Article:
I am a rising senior at college in US actively pursuing the mathematics and microbiology majors. I am deeply interested in the arts of topology and set theory, and their applications to the machine learning and biological data analysis. My plan is to apply for graduate programs in mathematics, but I did not decide pure or applied as I like both aspects of the mathematics.

Started out as a microbiology major, I did not begin to pursue mathematics until the end of sophomore year. Started from my freshman year, I have been haunted by a severe case of OCD, which seriously interfered with my study and undergraduate research, and subsequently my grades and research performance were not good (my current GPA is below 3.00....). When I first noticed the signs of OCD, I thought I can handle it with my mental strength, and the they will go away by their own (like a cold virus), which I realized are big mistakes!! Starting on this Summer, however, I started to receive psychological counseling and medical treatment, which have been helping me a lot.

Although my grades are not good, I took some graduate-level courses in microbiology and advanced courses in mathematics and got A's. On this semester, I am going to take the advanced classes in both math and microbo, including one graduate-level course in mathematics. I also got several opportunities in the undergraduate research and mathematical reading courses with professors of my big interest. Although OCD is still affecting me, I am in a much better position now as I started to regain a control of myself.

My question is that if it is too late to start preparing for graduate programs in mathematics. If preparing for mathematician is late, then I would like to search other opportunities. Another worry is that I fear the admission committee might look down on students with mental disorders as people who have weak mentality and cannot handle their problems properly, thus are not suitable to learn mathematics. Could you provide me some advice about preparing for graduate programs in mathematics?

I am planning to stay one more year after my senior year, or possibly two years.

closed as off-topic by scaaahu, Cape Code, Brian Tompsett - 汤莱恩, user2390246, Bob Brown Aug 19 '16 at 22:50

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Disclaimer: I'm not in the field of mathematics, but I have been in a similar position

I think it is still possible for you to switch to math. It helps to get some more research experience if your GPA is not that great. A good reference and research experience will make up for a lower GPA in a lot of programs. I had some mental health issues during undergrad, and took an RA position for a year before applying. I cited health issues as a reason for my poor grades (< 3.0 GPA), and asked the professor I worked with during undergrad to mention this in his letter of recommendation. I don't think you have to explain your mental health issues in detail during the application process.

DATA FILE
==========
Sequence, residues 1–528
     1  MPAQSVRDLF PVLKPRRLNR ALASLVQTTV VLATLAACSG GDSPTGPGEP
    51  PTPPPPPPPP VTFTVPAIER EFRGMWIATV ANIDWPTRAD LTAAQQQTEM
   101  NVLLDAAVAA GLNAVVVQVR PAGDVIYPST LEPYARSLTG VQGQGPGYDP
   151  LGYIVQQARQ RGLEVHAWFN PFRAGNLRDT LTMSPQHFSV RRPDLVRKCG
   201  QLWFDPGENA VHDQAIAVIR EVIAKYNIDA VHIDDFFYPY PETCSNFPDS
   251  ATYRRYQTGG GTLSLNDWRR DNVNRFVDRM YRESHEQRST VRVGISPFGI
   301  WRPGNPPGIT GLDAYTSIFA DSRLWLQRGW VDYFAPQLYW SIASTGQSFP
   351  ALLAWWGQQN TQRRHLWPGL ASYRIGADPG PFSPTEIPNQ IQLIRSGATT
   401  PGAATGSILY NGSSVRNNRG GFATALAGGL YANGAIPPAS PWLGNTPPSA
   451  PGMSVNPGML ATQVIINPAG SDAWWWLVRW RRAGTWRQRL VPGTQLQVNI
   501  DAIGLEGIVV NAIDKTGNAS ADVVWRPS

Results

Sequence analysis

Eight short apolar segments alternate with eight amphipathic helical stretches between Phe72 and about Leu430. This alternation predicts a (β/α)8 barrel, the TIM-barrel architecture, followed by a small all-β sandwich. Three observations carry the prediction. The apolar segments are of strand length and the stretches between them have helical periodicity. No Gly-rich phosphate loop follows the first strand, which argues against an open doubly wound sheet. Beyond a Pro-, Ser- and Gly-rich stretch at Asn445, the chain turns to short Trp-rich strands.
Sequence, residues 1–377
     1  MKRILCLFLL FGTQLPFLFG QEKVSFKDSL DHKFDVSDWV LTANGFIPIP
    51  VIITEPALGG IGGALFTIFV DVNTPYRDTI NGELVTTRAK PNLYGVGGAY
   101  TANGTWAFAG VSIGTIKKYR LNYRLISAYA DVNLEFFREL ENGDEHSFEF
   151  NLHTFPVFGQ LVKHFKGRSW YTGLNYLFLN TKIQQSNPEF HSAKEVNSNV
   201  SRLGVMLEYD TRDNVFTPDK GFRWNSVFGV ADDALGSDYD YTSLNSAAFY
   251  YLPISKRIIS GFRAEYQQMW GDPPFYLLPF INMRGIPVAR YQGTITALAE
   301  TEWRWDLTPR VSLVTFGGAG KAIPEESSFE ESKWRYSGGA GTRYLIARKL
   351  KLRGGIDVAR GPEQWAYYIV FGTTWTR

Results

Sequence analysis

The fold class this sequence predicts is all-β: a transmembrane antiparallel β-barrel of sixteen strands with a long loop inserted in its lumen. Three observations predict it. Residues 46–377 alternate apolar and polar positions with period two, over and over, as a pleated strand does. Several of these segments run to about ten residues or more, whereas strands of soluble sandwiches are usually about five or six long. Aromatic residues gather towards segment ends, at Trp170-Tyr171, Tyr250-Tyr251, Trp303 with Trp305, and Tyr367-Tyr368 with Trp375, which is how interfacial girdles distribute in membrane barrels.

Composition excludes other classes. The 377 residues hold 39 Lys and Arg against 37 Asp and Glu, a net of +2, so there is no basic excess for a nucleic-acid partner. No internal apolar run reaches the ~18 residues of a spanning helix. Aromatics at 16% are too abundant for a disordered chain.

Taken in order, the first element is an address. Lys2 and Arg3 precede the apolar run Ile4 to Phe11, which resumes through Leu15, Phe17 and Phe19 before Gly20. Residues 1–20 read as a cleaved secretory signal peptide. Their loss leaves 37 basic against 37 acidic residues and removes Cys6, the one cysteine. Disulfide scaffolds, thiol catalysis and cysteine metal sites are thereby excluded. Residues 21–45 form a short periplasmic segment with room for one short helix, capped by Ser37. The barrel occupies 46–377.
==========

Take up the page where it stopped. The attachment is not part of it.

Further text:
• Thank you for your advice! I actually got two research opportunities (one in topological approach to machine learning, and one is pure topology). Furthermore, I also acquired three reading courses in mathematics, where one of the professors there will be my research mentor. Do graduate programs also consider what I learned from the reading courses? – MathWanderer Aug 19 '16 at 18:03
  • They definitely can take that into account. You have a lot of room to guide the committee towards the things you want them to see, by writing an effective research/personal statement. For example, you can mention something about how you learned so much in the reading courses and they inspired you to pursue a certain research topic or direction. Use your statement (and CV) to paint the picture you want the committee to see. For a lot of programs, the statement is the most important part of the application. Your research mentor can probably help you in the writing process. – what Aug 19 '16 at 18:12
  • Is it a great idea to try to identify specific topics of specific branch (i.e. dimension theory of topology) that really interests me, and express that to the committee? I heard that committee do not expect that the prospective applicants to identify their interests, but I am not sure. – MathWanderer Aug 19 '16 at 18:41
  • If you have a specific faculty member in mind who you would like to have as an advisor, and the interest aligns with theirs, then go for it. It's not necessary to identify specific topics, but as long as they are relevant to the program you're applying to it can help. Especially if you already have relevant research experience. (Again, from my personal experience, not in math). These are all good questions to discuss with your advisor once you start writing your research statement. They can probably suggest some people you may want to work with as well – what Aug 19 '16 at 18:46
  • Also, I forgot to mention that some public universities do have specific GPA cut-offs that they can't always be flexible with. Check the university websites and ask the admin staff about it if the website isn't clear (most of them are very clear on the requirements). – what Aug 19 '16 at 18:49

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